The US Census Bureau conducts research to improve data collection with non-English speakers. This paper is part of a larger study that tested and produced recommendations to improve doorstep messaging for hard-to-count non-English speakers in the United States. The framework for this study is based on prior literature that examined census participation mindsets. A mindset refers to a group’s shared attitudes, knowledge and perceptions. One of these mindsets describes respondents with a language barrier, those with limited or low English-language proficiency. In the U.S. about 21% of the population speaks a language other than English (U.S. Census Bureau, 2012-2016 American Community Survey 5-Year Estimates). One of the tools that the Census Bureau developed to aid in the communication with non-English speaking respondents is the Language Identification Card. The card is designed to help enumerators identify the language a respondent speaks in order to provide appropriate follow-up.
Our team conducted 42 focus groups in seven languages: Arabic, Chinese, English, Korean, Russian, Spanish, and Vietnamese. We explored respondents’ reactions to videos that mimicked common scenarios, one of the scenarios portrays an English speaking enumerator interacting with a non-English speaking respondent using the Language Identification Card. Afterwards focus groups discussed the Language Identification Card. Findings show that some respondents found the card overwhelming, had difficulty finding their language, and expressed concern about those with low literacy across languages. However, overall respondents welcomed the use of the card, praised the card for inclusion of multiple languages, and interpreted the card as a sign that the Census Bureau cares about ethnic and linguistic minorities. As a result of these findings, changes were implemented that are intended reduce overall language barriers during the 2020 Census. Other organizations may be able to learn from our methods and our findings to overcome similar language barriers.
Methodological Innovations to Collect Data from a Complex Population
Mr John De Maio (Australian Institute of Family Studies)
Dr Pilar Rioseco (Australian Institute of Family Studies)
Dr Galina Daraganova (Australian Institute of Family Studies) - Presenting Author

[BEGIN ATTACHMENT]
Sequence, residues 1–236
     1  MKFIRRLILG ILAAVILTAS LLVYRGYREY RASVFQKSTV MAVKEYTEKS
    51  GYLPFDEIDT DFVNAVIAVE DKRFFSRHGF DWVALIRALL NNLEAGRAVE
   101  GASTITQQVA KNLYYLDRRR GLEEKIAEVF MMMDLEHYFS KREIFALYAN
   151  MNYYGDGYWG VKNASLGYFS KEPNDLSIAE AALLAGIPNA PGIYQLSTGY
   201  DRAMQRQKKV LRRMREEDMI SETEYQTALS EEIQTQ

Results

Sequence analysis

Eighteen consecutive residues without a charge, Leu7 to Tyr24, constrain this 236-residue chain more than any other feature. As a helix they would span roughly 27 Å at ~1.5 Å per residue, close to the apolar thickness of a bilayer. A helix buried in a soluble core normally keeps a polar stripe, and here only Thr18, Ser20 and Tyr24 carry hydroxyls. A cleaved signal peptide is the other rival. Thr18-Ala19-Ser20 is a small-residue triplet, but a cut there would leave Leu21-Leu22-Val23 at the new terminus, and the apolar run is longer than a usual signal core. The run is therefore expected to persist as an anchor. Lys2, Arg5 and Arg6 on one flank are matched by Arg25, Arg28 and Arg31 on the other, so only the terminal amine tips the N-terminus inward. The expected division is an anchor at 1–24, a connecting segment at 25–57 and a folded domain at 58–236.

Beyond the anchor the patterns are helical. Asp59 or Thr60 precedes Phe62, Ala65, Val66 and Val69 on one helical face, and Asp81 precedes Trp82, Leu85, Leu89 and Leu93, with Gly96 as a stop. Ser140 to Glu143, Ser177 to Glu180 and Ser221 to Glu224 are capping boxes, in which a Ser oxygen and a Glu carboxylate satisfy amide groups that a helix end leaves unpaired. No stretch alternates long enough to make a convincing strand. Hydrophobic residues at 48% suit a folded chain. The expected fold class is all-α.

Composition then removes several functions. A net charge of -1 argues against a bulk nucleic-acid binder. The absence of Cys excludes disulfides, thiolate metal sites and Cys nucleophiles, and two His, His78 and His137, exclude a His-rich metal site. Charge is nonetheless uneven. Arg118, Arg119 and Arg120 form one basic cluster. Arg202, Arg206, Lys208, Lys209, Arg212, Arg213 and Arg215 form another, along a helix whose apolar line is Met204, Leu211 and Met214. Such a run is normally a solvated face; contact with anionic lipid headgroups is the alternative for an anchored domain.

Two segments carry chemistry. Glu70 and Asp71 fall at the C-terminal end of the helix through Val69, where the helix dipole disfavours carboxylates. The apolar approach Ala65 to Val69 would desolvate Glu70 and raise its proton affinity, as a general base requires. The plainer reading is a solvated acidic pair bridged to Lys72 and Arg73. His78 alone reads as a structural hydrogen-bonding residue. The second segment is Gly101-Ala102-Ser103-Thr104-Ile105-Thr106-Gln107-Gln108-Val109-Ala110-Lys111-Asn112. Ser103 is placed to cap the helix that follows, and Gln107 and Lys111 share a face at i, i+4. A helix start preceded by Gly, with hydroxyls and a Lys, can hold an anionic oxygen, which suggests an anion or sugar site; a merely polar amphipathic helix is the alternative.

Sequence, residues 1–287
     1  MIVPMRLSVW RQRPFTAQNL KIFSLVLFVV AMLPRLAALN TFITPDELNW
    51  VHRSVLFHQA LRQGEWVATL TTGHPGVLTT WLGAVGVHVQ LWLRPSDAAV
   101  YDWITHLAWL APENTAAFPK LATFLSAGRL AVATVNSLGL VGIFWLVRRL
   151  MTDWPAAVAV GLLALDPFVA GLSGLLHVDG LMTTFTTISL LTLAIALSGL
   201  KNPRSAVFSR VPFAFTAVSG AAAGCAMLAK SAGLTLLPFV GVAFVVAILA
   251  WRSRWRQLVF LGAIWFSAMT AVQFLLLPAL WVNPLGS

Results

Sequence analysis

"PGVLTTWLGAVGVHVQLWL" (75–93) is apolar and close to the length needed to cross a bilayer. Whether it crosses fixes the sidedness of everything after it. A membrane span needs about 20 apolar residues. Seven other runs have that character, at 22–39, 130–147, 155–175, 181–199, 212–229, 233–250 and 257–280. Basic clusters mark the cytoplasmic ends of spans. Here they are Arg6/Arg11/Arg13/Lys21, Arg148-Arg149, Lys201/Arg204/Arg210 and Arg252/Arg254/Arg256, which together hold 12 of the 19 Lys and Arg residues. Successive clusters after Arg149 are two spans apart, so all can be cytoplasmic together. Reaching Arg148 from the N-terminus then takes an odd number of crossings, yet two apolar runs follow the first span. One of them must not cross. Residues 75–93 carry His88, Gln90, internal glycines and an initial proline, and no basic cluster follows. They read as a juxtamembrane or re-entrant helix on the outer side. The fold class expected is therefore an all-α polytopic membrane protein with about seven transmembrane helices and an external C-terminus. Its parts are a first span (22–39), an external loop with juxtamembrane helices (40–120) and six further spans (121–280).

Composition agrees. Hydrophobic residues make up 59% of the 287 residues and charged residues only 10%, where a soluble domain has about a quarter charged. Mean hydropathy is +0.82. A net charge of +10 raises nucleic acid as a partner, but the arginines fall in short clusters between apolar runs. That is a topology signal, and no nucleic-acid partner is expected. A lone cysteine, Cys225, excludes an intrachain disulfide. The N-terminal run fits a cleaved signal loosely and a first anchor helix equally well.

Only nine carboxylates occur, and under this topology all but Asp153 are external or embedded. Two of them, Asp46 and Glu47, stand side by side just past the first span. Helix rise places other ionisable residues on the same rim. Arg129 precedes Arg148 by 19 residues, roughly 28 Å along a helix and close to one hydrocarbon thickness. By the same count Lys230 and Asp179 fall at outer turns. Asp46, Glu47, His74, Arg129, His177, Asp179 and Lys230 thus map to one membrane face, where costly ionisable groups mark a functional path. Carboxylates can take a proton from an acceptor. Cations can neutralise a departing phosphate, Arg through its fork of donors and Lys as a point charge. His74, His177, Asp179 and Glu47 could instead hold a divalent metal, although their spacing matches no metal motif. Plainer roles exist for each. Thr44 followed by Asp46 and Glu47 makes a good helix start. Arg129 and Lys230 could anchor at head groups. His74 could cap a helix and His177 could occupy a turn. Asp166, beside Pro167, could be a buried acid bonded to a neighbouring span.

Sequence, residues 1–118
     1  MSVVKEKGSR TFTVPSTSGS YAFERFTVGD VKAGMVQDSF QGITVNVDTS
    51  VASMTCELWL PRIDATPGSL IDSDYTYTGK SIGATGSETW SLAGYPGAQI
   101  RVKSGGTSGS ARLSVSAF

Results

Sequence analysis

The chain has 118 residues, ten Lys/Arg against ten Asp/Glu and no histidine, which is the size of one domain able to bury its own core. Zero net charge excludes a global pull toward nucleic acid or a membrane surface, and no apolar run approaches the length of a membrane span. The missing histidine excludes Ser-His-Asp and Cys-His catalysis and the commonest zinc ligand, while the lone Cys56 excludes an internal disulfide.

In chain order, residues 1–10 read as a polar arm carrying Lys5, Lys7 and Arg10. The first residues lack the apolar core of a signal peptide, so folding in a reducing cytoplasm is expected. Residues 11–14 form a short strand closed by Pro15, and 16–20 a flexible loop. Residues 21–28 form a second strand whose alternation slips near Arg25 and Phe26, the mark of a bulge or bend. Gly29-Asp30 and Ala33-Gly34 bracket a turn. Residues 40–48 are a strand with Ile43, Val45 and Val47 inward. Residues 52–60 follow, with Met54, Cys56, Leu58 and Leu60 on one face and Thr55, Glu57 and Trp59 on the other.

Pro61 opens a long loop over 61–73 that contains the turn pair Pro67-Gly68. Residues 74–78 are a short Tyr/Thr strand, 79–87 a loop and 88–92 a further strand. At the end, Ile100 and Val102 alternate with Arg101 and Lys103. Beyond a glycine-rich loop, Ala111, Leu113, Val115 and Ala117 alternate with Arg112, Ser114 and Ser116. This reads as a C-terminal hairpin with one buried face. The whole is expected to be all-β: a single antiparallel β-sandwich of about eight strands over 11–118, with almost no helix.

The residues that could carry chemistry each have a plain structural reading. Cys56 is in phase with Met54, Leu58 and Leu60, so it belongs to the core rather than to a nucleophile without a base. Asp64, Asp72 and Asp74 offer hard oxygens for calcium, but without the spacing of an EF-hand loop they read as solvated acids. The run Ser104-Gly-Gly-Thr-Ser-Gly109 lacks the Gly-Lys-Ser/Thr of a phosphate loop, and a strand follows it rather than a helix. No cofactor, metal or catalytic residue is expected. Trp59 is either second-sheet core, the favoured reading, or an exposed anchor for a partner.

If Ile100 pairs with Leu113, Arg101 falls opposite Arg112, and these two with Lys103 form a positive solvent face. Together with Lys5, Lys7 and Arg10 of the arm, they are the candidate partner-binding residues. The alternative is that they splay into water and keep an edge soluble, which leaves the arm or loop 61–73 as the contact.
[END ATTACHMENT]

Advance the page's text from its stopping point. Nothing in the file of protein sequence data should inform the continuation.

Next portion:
Building a New Life in Australia (BNLA) is a ground-breaking longitudinal study that aims to better understand how humanitarian migrants settle into life in Australia. More than 1,500 individuals and their families (totalling close to 2,400 respondents) who had been granted a permanent humanitarian visa to live in Australia participated in the first interview in 2013. Participants were residing in urban and regional communities across Australia. Survey and participant materials have been translated into 14 languages. Five annual waves of data collection have taken place between 2013 and 2018, with alternating waves of home visits (Waves 1,3 and 5) and telephone interviews (Waves 2 and 4). In Waves 1,3 and 5, the survey was administered via Computer Assisted Self Interview (CASI) on a computer tablet. Participants who preferred to complete the survey with an interviewer were also offered a Computer Assisted Personal Interview (CAPI) option. Participants could also be assisted by an accredited interpreter over the phone or in person.
This paper describes in more detail the methodological challenges of collecting data from a study population that is both extremely diverse and highly vulnerable. Participating families have arrived in Australia from 35 countries and spoke close to 50 different languages. Some participants had low literacy and education levels. This created complex challenges for data collection and required innovative solutions to address these challenges. Strategies including the use of Community Engagement Officers (respected members of local migrant communities) who were recruited to promote and advocate for the study will be discussed. The challenges associated with the translation of survey and participant materials will also be explored in the paper.